You need to consider several key factors before choosing a specific program. How long does it usually take to earn the degree? If transferring from another program, find out how many credits the school allows students to transfer to their master's. Transferring credits can reduce the time you spend on your degree. Find out, too, whether the program allows students to take classes full and part time. A part-time course load increases the time you spend on your degree, but for a working professional, this may serve as the only viable option. Remember that private and out-of-state schools often cost much more than public, in-state institutions.
Make sure your prospective degree offers a curriculum that interests you. Not all programs offer the specializations you might want to pursue. If the program's curriculum includes a residency requirement, consider the school's location, especially whether the area can offer you a job post-graduation.
Programmatic Accreditation for Master's in Health Education Programs
Programmatic accreditation refers to a form of accreditation that evaluates specific programs, departments, or schools within universities or institutions. This type of accreditation specifically applies to niche areas of knowledge like lawyering and medical and health services. Ideally, you should only pursue a degree from a program with appropriate programmatic accreditation from the Council on Education for Public Health (CEPH). Attending a master's in health education program with programmatic accreditation ensures that your coursework will prepare you for work in the field.
Master's in Health Education Program Admissions
Remember that your application to an on-campus master's in health education program could entail an in-person interview with the school. Online admissions sometimes prove harder to navigate, as they require admission to both the on-campus and online programs. Otherwise, both admissions processes follow similar requirements, such as standardized application forms and requests for personal essays and letters of recommendations. Ideally, you should apply to between four and eight schools, including a mix of reach and safety schools, to bolster your chances of acceptance.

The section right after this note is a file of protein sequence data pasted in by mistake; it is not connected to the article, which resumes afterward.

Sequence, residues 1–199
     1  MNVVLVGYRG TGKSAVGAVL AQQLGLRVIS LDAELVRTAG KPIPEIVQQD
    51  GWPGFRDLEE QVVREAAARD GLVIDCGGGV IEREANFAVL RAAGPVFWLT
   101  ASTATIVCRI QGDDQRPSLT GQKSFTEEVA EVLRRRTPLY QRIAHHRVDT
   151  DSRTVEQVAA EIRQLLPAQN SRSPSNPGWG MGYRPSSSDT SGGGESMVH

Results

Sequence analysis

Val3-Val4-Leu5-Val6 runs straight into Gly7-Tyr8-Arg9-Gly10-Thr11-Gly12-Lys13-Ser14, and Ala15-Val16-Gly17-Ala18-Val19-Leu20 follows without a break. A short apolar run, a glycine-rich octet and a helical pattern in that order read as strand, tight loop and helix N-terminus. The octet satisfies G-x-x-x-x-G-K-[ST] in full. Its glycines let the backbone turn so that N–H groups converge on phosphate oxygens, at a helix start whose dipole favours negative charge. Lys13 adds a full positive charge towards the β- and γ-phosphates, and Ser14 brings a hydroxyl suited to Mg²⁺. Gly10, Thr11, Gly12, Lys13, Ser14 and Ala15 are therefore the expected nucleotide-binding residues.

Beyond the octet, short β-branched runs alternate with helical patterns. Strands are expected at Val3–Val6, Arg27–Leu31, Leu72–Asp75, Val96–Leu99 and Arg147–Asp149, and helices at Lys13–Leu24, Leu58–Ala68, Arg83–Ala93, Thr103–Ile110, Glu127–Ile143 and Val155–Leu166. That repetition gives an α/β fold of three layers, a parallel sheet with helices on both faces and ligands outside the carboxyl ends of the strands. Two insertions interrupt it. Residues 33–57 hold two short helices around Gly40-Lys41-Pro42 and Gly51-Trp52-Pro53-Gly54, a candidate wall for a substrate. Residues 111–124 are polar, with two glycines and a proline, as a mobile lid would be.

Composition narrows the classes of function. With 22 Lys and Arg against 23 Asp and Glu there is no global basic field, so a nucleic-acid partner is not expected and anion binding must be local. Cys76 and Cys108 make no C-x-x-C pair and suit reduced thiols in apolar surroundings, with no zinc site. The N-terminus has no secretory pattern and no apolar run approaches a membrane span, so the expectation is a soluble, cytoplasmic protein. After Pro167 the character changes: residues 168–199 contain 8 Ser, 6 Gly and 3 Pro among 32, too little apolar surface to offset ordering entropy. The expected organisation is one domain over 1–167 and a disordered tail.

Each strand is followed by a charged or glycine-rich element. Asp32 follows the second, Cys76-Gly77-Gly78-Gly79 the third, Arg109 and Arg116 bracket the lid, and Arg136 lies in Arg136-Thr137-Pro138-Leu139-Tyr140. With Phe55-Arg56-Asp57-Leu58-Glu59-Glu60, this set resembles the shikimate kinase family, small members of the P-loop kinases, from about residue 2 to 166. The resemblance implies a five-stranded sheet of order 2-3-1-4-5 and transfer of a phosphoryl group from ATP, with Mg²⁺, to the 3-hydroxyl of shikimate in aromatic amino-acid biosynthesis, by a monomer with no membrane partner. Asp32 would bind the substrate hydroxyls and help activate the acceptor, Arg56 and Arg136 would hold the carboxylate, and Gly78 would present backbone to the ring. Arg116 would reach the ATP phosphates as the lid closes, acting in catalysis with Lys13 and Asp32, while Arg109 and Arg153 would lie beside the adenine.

- Bachelor's Degree: Earning your master's requires you to first earn a bachelor's degree. Different programs require different prerequisites. Prerequisite course material can include topics such as biology or physics.
- Professional Experience: Many master's in health education programs encourage or even require experience in public health work, and some award credit for professional experience. Different programs set different expectations, but most accept entry-level learners.
- Minimum GPA: Most master's programs require a minimum GPA of 3.0, though admission requirements vary for different schools and programs. Some schools waive this requirement for students with exemplary GRE or MCAT scores.
- Application: It typically takes an hour to complete your application. You can complete the application either through a print-out or online. Most colleges use standard application forms such as the Common App, though graduate programs typically do not.
- Transcripts: You need to obtain transcripts of your undergraduate or any other relevant college work for graduate admissions. To do this, you must fill out a transcript request application and pay a small fee.
- Letters of Recommendation: Typically, one or two letters of recommendation, preferably from an education or work-related mentor, suffice. Give your writers at least two weeks to complete their letters.
- Test Scores: You need to include either your GRE or MCAT test score. Scores can be sent to prospective schools at the time you take the test.
- Application Fee: Your application entails a fee typically ranging between $50 and $80. Some schools waive this fee for applicants within a certain income bracket; it does not hurt to directly ask for a fee waiver.
What Else Can I Expect From a Master's in Health Education Program?
Offerings from master's in health education programs vary for different schools. Programs may feature different coursework, concentrations, and prerequisites. While you may want to pursue a concentration aligned with your future plans, remember that not all programs feature concentrations.
Concentrations Offered for a Master's Degree in Health Education
|Health Promotion||This concentration prepares you to educate people about public health risks as a social worker or educator. The concentration often appears in master's of public health programs and master's of health education programs. Courses may include topics such as public health and epidemiology.||Health educator, community health worker, social and community service managers|